Africa
DRC

DR Congo expels peacekeepers

The Congolese government has said a regional peacekeeping mission will have to leave the country by December. The force was deployed by the East African Community (EAC) bloc last year amid an insurgency by the M23 rebel group, which is backed by Rwanda. Kinshasa wanted the force to militarily engage the M23, but that proved tricky given that Rwanda is an EAC member state. Fighting between the M23 and pro-government militias has intensified, rupturing a shaky ceasefire. More than 50,000 people have been displaced from their homes by the renewed fighting. (Photo: MONUSCO via Defense Post)

Africa
Gabon

Gabon coup: another blow to Françafrique

A group of soldiers in Gabon¬†seized control of the country and canceled the results of its presidential election‚ÄĒjust after incumbent President Ali Bongo, heir to a corrupt dynasty closely aligned with France, was declared the winner amid claims of electoral fraud.¬†In scenes reminiscent of those in Niger after the recent coup there, crowds have poured into the streets of Gabon’s capital Libreville, expressing their support for the new junta‚ÄĒand animosity for both the ousted Bongo dynasty and France. The coup appears to mean a further reduction for the French influence sphere in Africa, known as Fran√ßafrique. Over the past three years, coups have ousted French-aligned regimes in Mali, Burkina Faso and Guinea as well as Niger.¬†Russia appears eager to step into the erstwhile role of France in providing military assistance to these countries. The day after the Gabon putsch, a¬†Russian delegation met with Burkina Faso’s interim regime¬†to discuss¬†stepped-up security cooperation. (Map: PCL)

Africa
Kivu

Anti-UN protesters massacred in DR Congo

At least 43 people were killed as government troops fired on protesters in Goma, capital of conflicted North Kivu province in the eastern Democratic Republic of Congo. The protest against the the UN Stabilization Mission in the DRC (MONUSCO) was organized by a religious sect, the Natural Judaic & Messianic Faith Towards the Nations, also known as Wazalendo. MONUSCO “peacekeepers” have faced repeated protests from local residents over their failure to protect civilians amid ongoing inter-factional fighting. The UN is demanding an investigation into the Goma incident, which Human Rights Watch called an “apparent massacre.” (Photo: Sylvain Liechti via UN News)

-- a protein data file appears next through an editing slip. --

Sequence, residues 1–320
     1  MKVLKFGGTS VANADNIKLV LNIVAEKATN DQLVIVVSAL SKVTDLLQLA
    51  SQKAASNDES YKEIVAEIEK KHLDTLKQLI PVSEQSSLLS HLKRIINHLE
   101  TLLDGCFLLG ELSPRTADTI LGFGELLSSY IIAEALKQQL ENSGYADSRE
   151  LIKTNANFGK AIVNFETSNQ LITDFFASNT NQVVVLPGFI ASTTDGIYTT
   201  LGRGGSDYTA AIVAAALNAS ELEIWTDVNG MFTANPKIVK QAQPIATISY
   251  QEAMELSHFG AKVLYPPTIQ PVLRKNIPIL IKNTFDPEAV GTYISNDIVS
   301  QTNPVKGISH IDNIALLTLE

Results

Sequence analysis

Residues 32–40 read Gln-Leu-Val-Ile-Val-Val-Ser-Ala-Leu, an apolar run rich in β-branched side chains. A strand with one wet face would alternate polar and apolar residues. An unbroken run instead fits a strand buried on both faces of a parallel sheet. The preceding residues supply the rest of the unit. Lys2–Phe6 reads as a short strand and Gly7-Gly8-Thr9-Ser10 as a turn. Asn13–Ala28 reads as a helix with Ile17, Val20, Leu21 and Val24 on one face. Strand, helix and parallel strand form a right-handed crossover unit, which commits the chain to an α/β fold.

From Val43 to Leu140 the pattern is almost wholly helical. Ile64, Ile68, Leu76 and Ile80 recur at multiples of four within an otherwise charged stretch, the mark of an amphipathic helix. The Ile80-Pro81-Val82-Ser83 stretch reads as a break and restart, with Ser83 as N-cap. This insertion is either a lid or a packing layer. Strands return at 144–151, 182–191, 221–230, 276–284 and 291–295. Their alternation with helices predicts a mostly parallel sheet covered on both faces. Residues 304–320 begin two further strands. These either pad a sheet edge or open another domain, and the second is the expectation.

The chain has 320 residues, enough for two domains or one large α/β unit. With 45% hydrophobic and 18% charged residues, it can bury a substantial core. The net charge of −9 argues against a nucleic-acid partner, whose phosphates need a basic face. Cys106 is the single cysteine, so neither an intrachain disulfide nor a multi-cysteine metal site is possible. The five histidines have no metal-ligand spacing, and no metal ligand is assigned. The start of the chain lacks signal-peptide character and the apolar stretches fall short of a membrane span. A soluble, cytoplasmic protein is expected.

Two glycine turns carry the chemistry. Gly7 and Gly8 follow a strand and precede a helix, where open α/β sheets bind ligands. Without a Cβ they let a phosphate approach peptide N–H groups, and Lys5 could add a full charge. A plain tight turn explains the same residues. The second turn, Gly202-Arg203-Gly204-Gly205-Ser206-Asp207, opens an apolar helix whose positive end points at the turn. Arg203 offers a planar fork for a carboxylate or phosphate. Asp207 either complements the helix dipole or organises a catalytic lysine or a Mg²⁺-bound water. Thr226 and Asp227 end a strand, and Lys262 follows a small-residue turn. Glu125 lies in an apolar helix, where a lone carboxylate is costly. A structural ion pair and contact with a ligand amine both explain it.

Africa
Ambazonia

Fulani pitted against rebels in Cameroon conflict

Amnesty International¬†urged Cameroon’s authorities to investigate human rights violations committed in the country’s conflicted Anglophone regions, the North-West and South-West. According to a new report, armed separatists and the military alike are responsible for killings, torture, rape and destruction of property. In the North-West in particular, long-standing conflicts between Mbororo Fulani herders and sedentary¬†farmers have been fuelling armed violence. As the situation has deteriorated over the past years, militias, mainly composed of Mbororo Fulani and supported or tolerated by the authorities, have committed atrocities against civil populations. The official security forces have responded to this situation with further rights violations. (Photo:¬†Moki Edwin Kindzeka/VOA via Wikimedia Commons)

Africa
ICC

DRC files ICC complaint against Rwanda

Democratic Republic of the Congo (DRC) Minister of Justice Rose Mutombo filed an International Criminal Court (ICC) complaint against Rwanda over its alleged involvement in the theft of natural resources in the DRC. The minister charged that the Rwanda Defense Forces (RDF) have been collaborating with the M23 rebel group, which has taken control of areas in Northern Kivu province near the DRC’s border with Rwanda. The complaint accuses the “RDF-M23 coalition” of “systematic and large-scale plundering of…natural resources” in the rebels’ zone of control. There has been an open ICC investigation into eastern DRC since 2004. (Photo: OSeveno/WikiMedia)

Africa
DRC

Another intervention in eastern DR Congo?

Congolese President F√©lix Tshisekedi has threatened to terminate the mandate of an East African Community military force that deployed to the Democratic Republic of the Congo last year. The force was set up to contain an insurgency by the Rwanda-backed M23 rebel group, which has uprooted nearly a million people in the country’s¬†east. The EAC claims the rebels have pulled back from occupied areas thanks to their intervention, but Congolese officials say the group remains at large and accuse the EAC of inaction. The regional mission was unpopular from the outset among Congolese, who are mindful of the destructive role neighboring states have played in their country. Yet new military interventions are being prepared, with the Southern African Development Community (led by¬†South Africa¬†and Tanzania) announcing plans to deploy troops. (Photo:¬†MONUSCO via Defense Post)

Africa
DRC

DRC: accused war criminal becomes defense chief